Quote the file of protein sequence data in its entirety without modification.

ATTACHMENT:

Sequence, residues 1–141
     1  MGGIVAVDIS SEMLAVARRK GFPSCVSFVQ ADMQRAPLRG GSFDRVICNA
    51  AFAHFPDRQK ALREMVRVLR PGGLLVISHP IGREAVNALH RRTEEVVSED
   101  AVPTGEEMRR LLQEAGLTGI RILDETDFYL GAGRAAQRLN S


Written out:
Sequence, residues 1–141
     1  MGGIVAVDIS SEMLAVARRK GFPSCVSFVQ ADMQRAPLRG GSFDRVICNA
    51  AFAHFPDRQK ALREMVRVLR PGGLLVISHP IGREAVNALH RRTEEVVSED
   101  AVPTGEEMRR LLQEAGLTGI RILDETDFYL GAGRAAQRLN S